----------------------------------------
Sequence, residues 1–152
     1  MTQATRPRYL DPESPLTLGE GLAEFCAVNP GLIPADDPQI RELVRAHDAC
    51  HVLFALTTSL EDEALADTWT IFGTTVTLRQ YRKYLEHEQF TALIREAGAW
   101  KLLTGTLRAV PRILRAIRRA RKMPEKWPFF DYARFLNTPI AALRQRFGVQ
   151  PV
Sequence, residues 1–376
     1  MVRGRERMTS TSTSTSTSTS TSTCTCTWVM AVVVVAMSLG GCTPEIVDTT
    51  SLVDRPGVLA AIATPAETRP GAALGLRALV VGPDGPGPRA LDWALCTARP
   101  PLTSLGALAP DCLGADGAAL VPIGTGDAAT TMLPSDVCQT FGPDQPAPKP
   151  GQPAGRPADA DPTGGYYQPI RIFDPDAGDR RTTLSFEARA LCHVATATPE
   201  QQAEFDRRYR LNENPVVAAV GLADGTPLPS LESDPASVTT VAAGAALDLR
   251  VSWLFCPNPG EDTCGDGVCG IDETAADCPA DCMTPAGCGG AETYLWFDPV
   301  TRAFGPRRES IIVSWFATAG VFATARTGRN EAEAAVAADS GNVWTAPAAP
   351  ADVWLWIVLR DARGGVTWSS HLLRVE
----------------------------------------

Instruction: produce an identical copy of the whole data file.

Sequence, residues 1–152
     1  MTQATRPRYL DPESPLTLGE GLAEFCAVNP GLIPADDPQI RELVRAHDAC
    51  HVLFALTTSL EDEALADTWT IFGTTVTLRQ YRKYLEHEQF TALIREAGAW
   101  KLLTGTLRAV PRILRAIRRA RKMPEKWPFF DYARFLNTPI AALRQRFGVQ
   151  PV
Sequence, residues 1–376
     1  MVRGRERMTS TSTSTSTSTS TSTCTCTWVM AVVVVAMSLG GCTPEIVDTT
    51  SLVDRPGVLA AIATPAETRP GAALGLRALV VGPDGPGPRA LDWALCTARP
   101  PLTSLGALAP DCLGADGAAL VPIGTGDAAT TMLPSDVCQT FGPDQPAPKP
   151  GQPAGRPADA DPTGGYYQPI RIFDPDAGDR RTTLSFEARA LCHVATATPE
   201  QQAEFDRRYR LNENPVVAAV GLADGTPLPS LESDPASVTT VAAGAALDLR
   251  VSWLFCPNPG EDTCGDGVCG IDETAADCPA DCMTPAGCGG AETYLWFDPV
   301  TRAFGPRRES IIVSWFATAG VFATARTGRN EAEAAVAADS GNVWTAPAAP
   351  ADVWLWIVLR DARGGVTWSS HLLRVE